I'm a GS student and I found this class to be one of the best classes I've ever taken. The reading list is sublime, and Robbins' lectures almost always gave me that thrill that comes from having my perceptions challenged and my critical faculties engaged. I left class twice a week with more ideas dancing in hy head than there had been when I went in. For me, that is the mark of a successful class. If you don't believe art and literature are vital, as necessary for life as food, shelter and medicine...you might hate this class. If, however, you tend to swoon over exquisite writing, and you yearn for something more from your lit classes than the merely literary, you may love this class as much as I did.
This had to be the most rewarding class I'd taken at Columbia. Prof. Robbins teaches with passion and is genuinely concerned about getting his students to read the books. This class also had the best syllabus with novels ranging from Midnight's Children to The Lover. Sometimes lecture can get slightly boring, but everything considered, this class was great.
I won't speak for lit majors, but I highly recommend that non-majors avoid this man. This is especially true for GS students who think this might be an easy way to get through the lit requirement. It isn't. Robbins is, without a doubt, the worst public speaker of all the teachers I've had at any school I've ever attended. Perhaps he's better in small groups, but this man has no business standing in front of 100+ people and speaking for an hour and fifteen minutes. He seems convinced that he's got a lot of important things to say, but he's never able to connect them into any sort of meaningful arc over the course of a lecture. In the end, he seems to string together lots of statements that are recited more to prove how important his theories are than to provide us with any kind of useful information. Perhaps I'm too used to the sciences (both social and physical), where statements are either supported or disproven by facts. I have no doubt that Robbins is a briliant author of criticism, but that doesn't make him a good lecturer. In the end, Robbins seems to think that everyone in the room is a masters student, and that he can use terminology that will only be familiar to people who are already on the road to advanced degrees in Literature. He would probably be disappointed to find out that the class had at least a couple of dozen GS students who had no intention of being Lit majors, let alone pursuing an advanced degree. The most offensive part was when he flat out lied about the midterm. He told us very specifically that there would be identifications on the midterm, and that he would ask us to match specific characters with the book they'd come from. He then gave a midterm in which he gave a list of identifications for each book, expecting us to be able to explain the place of each similarly named character within the book. Of course, everyone did poorly, since he'd told us to prepare for an entirely different exam. There has got to be a better way to get the GS lit requirement out of the way for non-lit people...
You will leave this class every day wishing two or more of the following:<br> a) the lectures were longer and every day<br> b) Bruce Robbins would adopt you<br> c) Bruce Robbins would marry you<br> d) you were Bruce Robbins In my three years at columbia, this was the only class that actually inspired me to really learn. While the reading on its own is pretty awesome, I guarantee you will be less than impressed with at least one or two of the books when you read them. However, when you come to class and listen to what he has to say about them, you'll want to go back and read them again and again. Even though he's incredibly self-aware and some might say acerbic, he's really nice, isn't hard on anyone AT ALL and almost tries to put himself on the same level as students by constantly poking fun at himself. I actually looked forward to going to section and writing the papers (seriously, no joke), which is definitely a first for me. And to top all of this, the class is pretty easy. I've taken classes with most of the other "great" professors in the English dept, and Robbins definitely blows them all out of the water. Please don't graduate without taking this class, it will teach you things about the world we live in now that you won't get from any other class.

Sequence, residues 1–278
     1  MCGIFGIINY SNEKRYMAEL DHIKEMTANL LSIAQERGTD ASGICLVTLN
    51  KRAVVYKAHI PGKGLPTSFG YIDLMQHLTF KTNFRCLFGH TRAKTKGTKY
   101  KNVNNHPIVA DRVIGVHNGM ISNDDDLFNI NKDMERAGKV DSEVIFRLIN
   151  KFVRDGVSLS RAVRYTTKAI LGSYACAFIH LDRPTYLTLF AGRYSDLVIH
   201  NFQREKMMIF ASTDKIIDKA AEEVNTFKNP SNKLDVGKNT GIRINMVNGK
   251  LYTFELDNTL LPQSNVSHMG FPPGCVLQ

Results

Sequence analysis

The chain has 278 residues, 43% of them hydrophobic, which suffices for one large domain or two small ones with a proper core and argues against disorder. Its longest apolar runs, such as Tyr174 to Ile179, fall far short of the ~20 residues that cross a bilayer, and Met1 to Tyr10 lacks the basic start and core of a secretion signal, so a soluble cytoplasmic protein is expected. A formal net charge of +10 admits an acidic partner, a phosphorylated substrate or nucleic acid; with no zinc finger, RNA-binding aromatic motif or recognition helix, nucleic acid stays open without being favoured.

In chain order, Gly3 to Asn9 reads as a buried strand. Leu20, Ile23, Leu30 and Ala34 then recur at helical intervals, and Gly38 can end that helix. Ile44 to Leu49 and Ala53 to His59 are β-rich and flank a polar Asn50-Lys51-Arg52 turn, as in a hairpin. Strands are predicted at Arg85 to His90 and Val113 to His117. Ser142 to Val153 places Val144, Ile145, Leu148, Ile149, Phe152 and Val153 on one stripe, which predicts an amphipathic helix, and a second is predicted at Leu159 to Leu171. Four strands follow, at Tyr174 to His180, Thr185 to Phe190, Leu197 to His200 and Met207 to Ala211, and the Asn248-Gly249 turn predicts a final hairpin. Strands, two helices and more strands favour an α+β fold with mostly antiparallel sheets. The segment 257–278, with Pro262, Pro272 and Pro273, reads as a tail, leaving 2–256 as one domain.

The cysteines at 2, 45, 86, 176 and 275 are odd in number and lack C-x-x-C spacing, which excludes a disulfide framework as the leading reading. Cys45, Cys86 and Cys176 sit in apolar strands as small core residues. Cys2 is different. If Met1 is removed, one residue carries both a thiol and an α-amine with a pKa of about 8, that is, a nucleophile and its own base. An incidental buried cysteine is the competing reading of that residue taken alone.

This class should be entitled Â‘Welcome to RobbinsworldÂ’ or Â‘Being Bruce Robbins.Â’ The reading list is top notch, but the texts arenÂ’t really considered for their own value so much as they are shown to be the building blocks for RobbinsÂ’ Meta-narrative/Master-Plan. As has been noted before, this plays right into the hands of the Robbins groupies who eat it up like candy. To the rest of us tourists, the class is a great introduction to the mind of one of AmericaÂ’s top wannabe public intellectuals. You will, without at doubt, be swept up in Robbins charisma. At that point itÂ’s up to you whether you want to leave the fun house or become a Mouse-keteer. Who knows which is better. YouÂ’ll just have to take the class to find out.
Prof. Robbins is wonderful. This is my second class with him, and the experience was great. I was rather underqualified for this course, so I was prepared for much of the material to go over my head, but Prof. Robbins' lectures manage to make the dense philosophy clear and comprehensible without oversimplifying it. He is passionate about his teaching, academia in general, and his scholarly pursuits, and he integrates his own research projects into the class without taking the focus away from the material itself. A self-effacing and kind person, he is always available during office hours and by email to any student regarding any topic. Best of all, he has a great sense of humor, which makes lectures far from boring. Be original in your essays; he loves ideas he hasn't heard before and is legitimately supportive of dissenting opinion (he is what other professors pretend to be: be open to opposition).